Sandy Neilly
Sandy Neilly
 
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The Editorial Page

 
 
A place for Editorial comment and Letters to the Editor
 
By Sandy Neilly
2017 will bring me my 12th spring as editor of the Wayback Times. It was March 1, 2006 that the final decision to purchase the business from founder Jay Telfer was made. For me, it was a life altering decision that introduced me to a new lifestyle that revolved around deadlines, technology and communication. It still does.
 
I am not particularly adept at any of those things and if there has been any measure of success in my role as editor, I owe it to the people who are always there to help… and there are many. I've been blessed.
 
Spring 2017, although greatly anticipated in many ways, is also going to be a time of change for me. My right-hand guy, John Cosway, has announced that he is retiring - imagine him wanting to retire at the young age of 75 - and will be leaving page 4 of the Wayback Times as our Cosway’s Corner columnist and as our webmaster.
 
Back in 2006, as a complete newbie to the newspaper/publishing industry, I had some very vague notions about how I would like to publish this paper… and I was pretty clueless about running a website. It was all new to me. Every bit of it. The only related experience I had was the fact that Peter and I were antique dealers, we had a shop and we participated in quite a few shows where I frequently took photos for Jay Telfer… and it seemed we were always hauling around bundles of the Wayback Times for him.
 
We knew John from a mutual good friend in Ajax. In the mid 1990s, he was a semi-retired Toronto Sun journalist who was always on the hunt for items to sell online. I was terribly impressed with his eBay skills and it wasn't long before he showed me the ropes and I was selling online myself. John would pay us a visit with a car full of “inventory” (it could be quite a challenge getting at it at times) and we would often purchase some things from him. And, sometimes it worked the other way around. He would browse our barn and occasionally find a thing or two to trade for or buy. He was a congenial, quiet person, very unassuming, with a great laugh. Being a confirmed bachelor, there weren't too many things to tie him down as he prowled the local auctions, a favourite pastime that eventually made for a very full house.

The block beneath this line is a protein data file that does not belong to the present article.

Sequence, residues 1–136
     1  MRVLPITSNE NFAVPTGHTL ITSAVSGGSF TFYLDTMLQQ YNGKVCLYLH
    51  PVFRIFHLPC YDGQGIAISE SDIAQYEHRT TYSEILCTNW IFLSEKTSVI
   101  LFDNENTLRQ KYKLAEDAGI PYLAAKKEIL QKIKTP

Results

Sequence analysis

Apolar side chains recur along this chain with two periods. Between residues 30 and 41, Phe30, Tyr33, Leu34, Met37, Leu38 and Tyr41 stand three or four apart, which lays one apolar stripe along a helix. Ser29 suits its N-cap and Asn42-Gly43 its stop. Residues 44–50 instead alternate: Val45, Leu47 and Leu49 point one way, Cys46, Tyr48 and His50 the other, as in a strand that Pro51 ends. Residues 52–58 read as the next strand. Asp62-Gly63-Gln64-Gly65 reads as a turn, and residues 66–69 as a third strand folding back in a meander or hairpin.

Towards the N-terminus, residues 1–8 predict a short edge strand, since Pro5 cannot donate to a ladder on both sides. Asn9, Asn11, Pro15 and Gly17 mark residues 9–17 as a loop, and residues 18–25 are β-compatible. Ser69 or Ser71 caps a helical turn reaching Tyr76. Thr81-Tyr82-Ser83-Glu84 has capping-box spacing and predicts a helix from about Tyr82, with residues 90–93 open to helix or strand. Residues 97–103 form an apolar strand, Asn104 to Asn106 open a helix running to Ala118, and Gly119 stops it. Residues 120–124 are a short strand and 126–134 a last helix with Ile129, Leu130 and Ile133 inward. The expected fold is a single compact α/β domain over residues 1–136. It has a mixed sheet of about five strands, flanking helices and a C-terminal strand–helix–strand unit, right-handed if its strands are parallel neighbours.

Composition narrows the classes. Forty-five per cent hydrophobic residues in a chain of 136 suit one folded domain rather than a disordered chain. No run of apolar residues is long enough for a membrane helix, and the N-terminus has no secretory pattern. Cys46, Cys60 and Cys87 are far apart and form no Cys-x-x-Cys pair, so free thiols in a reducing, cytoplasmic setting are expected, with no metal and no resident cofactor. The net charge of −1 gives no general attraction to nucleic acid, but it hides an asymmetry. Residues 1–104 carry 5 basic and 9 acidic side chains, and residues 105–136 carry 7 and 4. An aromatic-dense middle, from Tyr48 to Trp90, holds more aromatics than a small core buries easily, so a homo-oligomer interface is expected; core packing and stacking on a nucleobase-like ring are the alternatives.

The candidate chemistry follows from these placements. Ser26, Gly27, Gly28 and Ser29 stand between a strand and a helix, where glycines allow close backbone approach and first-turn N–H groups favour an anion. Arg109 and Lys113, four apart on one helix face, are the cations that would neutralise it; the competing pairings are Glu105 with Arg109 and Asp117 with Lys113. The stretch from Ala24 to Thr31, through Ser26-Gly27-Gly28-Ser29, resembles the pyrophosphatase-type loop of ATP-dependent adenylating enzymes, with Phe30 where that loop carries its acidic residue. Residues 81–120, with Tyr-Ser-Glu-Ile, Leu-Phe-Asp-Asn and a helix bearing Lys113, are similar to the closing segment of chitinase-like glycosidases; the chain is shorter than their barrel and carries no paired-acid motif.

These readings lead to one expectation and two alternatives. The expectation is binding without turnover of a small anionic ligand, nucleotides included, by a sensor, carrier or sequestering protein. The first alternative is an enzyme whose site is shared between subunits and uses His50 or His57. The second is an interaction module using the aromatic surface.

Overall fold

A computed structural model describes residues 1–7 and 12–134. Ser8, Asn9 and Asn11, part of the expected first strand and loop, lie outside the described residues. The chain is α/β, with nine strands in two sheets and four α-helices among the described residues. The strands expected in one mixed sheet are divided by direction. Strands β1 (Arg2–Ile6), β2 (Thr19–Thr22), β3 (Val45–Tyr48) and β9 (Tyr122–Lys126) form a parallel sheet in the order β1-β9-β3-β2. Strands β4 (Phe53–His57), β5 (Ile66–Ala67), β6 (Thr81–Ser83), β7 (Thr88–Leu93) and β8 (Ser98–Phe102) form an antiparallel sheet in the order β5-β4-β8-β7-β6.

When John visited us in 2006 and I told him about purchasing the Wayback Times, his face lit up. The newspaper industry - that was his expertise, his background. He made me an offer so perfectly suited to what I needed... and didn't even realize I needed at the time... that I was delighted to bring him onboard. That was a no-brainer and one of the best decisions I've ever made. He would take on the new WT website as webmaster and also provide me with a column published in each issue. Win, win, win! His column would be called “Cosway’s Corner” a remnant of his Toronto Sun past where he would, as the story goes, sell things from his desk there.
 
There was one condition. Cosway’s Corner had to have a permanent home on page 4. Although I wasn't convinced a column had to have a “home,” that was easy enough to agree to. In all of the ensuing 64 issues of this paper, once, and only once, was Cosway’s Corner not on page 4 and we had a specific reason for that. His article was, for that issue, key to the new Wayback Wheels section and we felt a one-time departure from page 4 would be forgiven by our readers. And it was.